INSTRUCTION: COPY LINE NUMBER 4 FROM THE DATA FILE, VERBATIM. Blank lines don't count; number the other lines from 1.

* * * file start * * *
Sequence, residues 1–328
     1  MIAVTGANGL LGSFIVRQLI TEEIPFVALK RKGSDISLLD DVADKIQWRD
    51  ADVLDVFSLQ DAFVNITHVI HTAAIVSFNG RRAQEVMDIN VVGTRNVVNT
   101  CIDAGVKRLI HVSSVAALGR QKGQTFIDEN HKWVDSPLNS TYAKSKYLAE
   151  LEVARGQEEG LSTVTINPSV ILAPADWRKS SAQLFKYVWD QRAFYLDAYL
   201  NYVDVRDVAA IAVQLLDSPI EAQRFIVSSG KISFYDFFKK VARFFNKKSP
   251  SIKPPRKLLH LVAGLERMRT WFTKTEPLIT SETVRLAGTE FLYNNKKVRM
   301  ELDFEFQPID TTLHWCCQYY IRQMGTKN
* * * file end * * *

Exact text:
   101  CIDAGVKRLI HVSSVAALGR QKGQTFIDEN HKWVDSPLNS TYAKSKYLAE